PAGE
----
Reyes is an accomplished musician, and music is an important component in the program. Students collaborate and study the subject in depth — a Common Core learning style. For example, A.J. Joaquin, a 5th grader with long, jet-black hair, has started his own band at school, Fast Melody, and has composed his own music.
“He wrote a song this year based on a progression in a Red Hot Chili Peppers song he learned two years ago,” Reyes said. “He transposed it to the piano in a different key.”
A.J., who plays lead guitar, also composed the part for the bass guitar. He and his band members are still working on the words.
The students also collaborate on science experiments. Most expressed enthusiasm about the lava lamps they had made, but 2nd grader Brandon Olguin was impressed with a failed experiment that taught him something. He was given a balloon and told to use the balloon to make a can move, but the balloon wasn’t allowed to touch the can.
“You blow in the balloon and pop it,” he said, explaining that the air from the balloon was supposed to move the can. “I tried, but I couldn’t make the can move.”
“You need a lot of air,” he concluded.
Susan Frey covers expanded learning time. Contact her. Sign up here for a no-cost online subscription to EdSource Today for reports from the largest education reporting team in California.
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Odie Montellano 8 years ago8 years ago
I love how they work together to get the job done.
Floyd Thursby 9 years ago9 years ago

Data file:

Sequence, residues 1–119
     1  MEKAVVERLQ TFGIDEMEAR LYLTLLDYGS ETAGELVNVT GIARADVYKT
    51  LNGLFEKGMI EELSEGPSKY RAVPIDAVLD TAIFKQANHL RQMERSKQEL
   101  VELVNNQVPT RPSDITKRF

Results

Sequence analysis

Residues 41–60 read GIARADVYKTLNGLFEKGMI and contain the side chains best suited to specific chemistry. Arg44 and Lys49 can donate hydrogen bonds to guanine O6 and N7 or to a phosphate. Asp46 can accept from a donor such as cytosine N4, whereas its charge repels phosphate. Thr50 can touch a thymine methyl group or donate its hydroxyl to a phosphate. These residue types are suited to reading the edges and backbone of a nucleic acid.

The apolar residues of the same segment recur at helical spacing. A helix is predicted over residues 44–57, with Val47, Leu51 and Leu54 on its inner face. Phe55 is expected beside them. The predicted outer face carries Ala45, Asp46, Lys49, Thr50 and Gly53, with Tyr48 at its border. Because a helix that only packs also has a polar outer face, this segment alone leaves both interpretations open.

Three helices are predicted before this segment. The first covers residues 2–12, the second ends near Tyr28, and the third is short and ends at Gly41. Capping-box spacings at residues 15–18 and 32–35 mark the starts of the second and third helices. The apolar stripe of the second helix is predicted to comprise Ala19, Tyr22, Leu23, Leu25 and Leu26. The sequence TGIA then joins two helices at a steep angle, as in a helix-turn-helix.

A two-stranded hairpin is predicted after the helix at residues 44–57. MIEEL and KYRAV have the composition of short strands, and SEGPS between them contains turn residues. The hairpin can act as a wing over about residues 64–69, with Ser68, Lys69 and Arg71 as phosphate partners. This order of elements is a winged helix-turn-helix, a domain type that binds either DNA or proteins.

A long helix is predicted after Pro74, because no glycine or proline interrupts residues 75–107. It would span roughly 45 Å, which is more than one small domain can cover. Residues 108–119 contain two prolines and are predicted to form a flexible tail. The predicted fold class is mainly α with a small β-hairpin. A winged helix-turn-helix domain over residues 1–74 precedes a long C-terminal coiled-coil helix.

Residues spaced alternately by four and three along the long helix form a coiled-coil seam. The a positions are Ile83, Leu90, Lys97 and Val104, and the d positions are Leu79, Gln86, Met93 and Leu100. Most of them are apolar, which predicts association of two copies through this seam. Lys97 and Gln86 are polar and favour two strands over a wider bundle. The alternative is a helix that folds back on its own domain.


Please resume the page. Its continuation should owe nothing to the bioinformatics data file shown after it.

These standards are already available to the wealthy. As a matter of equity, should we fund these programs for the poor and lower middle class? Half of the achievement gap can be attributed to summer learning loss, and during the school year the moral behavior of the poor lags behind that of the rich in terms of TV and games and, more importantly, reading and hours studied per week. Asians study an … Read More
These standards are already available to the wealthy. As a matter of equity, should we fund these programs for the poor and lower middle class? Half of the achievement gap can be attributed to summer learning loss, and during the school year the moral behavior of the poor lags behind that of the rich in terms of TV and games and, more importantly, reading and hours studied per week. Asians study an average of 13.8 hours a week, but those who make it to a UC or better study 20-25 hours a week. If we could get every child in the State to study 25 hours a week from age 6, we’d reach Luxembourg levels of prosperity within a generation, something to think about.